ISBN : 9780199781720
How did the New Testament writers and the earliest Christians come to adopt the Jewish scriptures as their first Old Testament? And why are our modern Bibles related more to the Rabbinic Hebrew Bible than to the Greek Bible of the early Church? The Septuagint, the name given to the translation of the Hebrew scriptures between the third century BC and the second century AD, played a central role in the Bible's history. Many of the Hebrew scriptures were still evolving when they were translated into Greek, and these Greek translations, along with several new Greek writings, became Holy Scripture in the early Church. Yet, gradually the Septuagint lost its place at the heart of Western Christianity. At the end of the fourth century, one of antiquity's brightest minds rejected the Septuagint in favor of the Bible of the rabbis. After Jerome, the Septuagint never regained the position it once had. Timothy Michael Law recounts the story of the Septuagint's origins, its relationship to the Hebrew Bible, and the adoption and abandonment of the first Christian Old Testament.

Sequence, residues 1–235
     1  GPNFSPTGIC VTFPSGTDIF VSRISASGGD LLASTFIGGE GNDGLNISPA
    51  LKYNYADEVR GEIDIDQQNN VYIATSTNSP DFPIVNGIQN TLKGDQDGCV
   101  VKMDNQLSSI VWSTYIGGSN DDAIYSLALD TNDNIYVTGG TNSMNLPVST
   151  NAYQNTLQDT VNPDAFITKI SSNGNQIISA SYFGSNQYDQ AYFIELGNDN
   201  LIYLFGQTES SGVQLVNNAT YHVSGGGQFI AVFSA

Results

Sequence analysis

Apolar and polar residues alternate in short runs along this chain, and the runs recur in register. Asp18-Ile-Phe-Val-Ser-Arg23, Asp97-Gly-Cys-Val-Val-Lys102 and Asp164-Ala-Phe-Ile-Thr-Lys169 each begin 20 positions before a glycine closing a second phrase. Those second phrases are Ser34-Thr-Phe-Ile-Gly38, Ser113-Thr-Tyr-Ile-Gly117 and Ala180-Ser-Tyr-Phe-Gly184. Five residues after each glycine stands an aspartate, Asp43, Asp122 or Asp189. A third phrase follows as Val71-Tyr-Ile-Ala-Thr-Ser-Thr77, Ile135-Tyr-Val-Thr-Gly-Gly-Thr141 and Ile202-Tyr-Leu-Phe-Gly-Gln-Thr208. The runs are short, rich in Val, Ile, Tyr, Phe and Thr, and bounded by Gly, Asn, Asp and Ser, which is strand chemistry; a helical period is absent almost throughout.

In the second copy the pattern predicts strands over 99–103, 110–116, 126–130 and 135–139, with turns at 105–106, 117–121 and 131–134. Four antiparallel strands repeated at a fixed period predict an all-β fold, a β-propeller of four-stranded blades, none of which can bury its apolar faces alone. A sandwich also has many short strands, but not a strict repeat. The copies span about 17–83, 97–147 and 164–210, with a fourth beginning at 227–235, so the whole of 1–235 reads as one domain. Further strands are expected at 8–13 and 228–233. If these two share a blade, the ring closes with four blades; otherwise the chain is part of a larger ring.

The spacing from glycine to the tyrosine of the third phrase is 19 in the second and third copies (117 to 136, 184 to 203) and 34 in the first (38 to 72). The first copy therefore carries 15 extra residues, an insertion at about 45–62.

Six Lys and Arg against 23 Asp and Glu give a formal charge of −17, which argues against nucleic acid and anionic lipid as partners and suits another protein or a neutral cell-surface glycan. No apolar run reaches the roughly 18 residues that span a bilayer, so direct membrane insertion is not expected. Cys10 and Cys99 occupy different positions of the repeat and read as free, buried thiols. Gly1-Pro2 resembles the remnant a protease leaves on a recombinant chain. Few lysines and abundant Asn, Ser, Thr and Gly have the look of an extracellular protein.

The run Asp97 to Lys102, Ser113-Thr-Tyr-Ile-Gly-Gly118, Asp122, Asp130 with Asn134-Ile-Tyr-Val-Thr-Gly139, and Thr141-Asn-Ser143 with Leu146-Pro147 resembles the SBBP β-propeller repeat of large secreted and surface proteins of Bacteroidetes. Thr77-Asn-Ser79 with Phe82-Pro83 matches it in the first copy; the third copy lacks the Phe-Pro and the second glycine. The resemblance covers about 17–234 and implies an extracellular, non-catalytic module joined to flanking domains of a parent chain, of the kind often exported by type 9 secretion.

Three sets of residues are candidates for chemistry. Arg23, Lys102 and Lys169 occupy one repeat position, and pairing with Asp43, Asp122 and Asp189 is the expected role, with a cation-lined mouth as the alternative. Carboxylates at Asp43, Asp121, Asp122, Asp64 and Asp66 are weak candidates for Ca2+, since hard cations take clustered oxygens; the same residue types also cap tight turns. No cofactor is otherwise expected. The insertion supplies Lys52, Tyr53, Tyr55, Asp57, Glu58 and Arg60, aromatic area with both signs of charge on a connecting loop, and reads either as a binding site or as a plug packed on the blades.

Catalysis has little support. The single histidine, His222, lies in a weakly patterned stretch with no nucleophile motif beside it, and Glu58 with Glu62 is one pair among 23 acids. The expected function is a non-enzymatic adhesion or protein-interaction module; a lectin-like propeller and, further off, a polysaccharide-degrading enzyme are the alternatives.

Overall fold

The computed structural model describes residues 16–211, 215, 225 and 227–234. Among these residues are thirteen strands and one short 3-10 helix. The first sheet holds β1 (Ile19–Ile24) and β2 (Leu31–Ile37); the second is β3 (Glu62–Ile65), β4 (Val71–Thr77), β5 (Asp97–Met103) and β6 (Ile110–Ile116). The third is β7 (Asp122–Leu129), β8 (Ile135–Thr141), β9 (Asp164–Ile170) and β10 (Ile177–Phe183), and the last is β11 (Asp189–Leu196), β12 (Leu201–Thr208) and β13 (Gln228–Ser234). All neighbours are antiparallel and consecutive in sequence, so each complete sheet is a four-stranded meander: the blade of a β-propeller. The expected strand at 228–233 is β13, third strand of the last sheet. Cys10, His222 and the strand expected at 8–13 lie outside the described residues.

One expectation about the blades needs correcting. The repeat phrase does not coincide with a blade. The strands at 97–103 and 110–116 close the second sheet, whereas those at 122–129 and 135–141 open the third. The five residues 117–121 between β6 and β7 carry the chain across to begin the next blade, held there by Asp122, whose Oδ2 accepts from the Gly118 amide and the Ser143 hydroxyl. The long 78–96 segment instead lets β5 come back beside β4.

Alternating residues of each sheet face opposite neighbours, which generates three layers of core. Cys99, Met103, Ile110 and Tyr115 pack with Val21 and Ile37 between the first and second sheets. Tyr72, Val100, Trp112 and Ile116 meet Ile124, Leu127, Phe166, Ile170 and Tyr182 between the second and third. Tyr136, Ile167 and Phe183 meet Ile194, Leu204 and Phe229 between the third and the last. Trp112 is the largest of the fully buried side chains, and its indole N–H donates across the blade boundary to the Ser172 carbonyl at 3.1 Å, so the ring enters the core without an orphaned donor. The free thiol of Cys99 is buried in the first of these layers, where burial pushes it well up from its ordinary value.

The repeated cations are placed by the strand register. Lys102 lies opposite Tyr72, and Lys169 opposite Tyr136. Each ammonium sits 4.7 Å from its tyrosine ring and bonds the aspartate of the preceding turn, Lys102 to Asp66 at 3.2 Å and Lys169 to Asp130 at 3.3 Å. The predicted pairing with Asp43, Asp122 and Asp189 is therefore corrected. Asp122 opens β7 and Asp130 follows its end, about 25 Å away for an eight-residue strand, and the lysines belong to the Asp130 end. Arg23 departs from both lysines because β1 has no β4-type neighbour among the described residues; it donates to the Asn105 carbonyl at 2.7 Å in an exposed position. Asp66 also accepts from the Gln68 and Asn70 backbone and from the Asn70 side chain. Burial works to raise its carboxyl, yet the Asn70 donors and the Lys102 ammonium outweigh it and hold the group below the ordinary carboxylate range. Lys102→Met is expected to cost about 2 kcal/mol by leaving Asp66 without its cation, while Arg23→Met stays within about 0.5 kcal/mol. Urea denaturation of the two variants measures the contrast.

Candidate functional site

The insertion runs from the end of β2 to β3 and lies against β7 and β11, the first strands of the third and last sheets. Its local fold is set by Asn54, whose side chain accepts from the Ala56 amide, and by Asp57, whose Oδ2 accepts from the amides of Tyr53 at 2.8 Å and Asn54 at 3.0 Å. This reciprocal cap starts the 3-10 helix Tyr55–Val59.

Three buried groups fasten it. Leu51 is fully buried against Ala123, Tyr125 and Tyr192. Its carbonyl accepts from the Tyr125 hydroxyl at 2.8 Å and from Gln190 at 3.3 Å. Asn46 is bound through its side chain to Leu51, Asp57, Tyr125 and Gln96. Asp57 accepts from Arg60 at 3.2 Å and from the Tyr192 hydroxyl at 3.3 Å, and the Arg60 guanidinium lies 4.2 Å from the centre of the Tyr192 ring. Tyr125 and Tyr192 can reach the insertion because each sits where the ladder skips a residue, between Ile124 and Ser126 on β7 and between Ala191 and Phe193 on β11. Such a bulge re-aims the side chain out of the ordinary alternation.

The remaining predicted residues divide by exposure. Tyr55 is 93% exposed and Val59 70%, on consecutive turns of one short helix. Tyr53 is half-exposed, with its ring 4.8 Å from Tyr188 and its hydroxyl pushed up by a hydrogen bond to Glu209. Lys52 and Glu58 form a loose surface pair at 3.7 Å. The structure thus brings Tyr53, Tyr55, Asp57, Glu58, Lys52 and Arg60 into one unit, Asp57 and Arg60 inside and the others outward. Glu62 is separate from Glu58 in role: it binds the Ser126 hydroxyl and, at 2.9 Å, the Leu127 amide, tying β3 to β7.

Table of Contents
1 Why this Book?
2 When the World Became Greek
3 Was There a Bible before the Bible?
4 The First Bible Translators
5 Gog and his Not-so-Merry Grasshoppers
6 Bird Droppings, Stoned Elephants, and Exploding Dragons
7 E Pluribus Unum
8 The Septuagint behind the New Testament
9 The Septuagint in the New Testament
10 The New Old Testament
11 God's Word for the Church
12 The Man of Steel and the Man who Worshipped the Sun
13 The Man with the Burning Hand vs. the Man with the Honeyed Sword
14 A Postscript